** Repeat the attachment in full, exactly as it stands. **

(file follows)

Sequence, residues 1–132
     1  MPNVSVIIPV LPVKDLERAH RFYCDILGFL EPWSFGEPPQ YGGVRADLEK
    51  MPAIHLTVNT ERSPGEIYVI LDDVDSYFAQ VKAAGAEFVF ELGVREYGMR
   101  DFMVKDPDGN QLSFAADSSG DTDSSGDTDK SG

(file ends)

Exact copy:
Sequence, residues 1–132
     1  MPNVSVIIPV LPVKDLERAH RFYCDILGFL EPWSFGEPPQ YGGVRADLEK
    51  MPAIHLTVNT ERSPGEIYVI LDDVDSYFAQ VKAAGAEFVF ELGVREYGMR
   101  DFMVKDPDGN QLSFAADSSG DTDSSGDTDK SG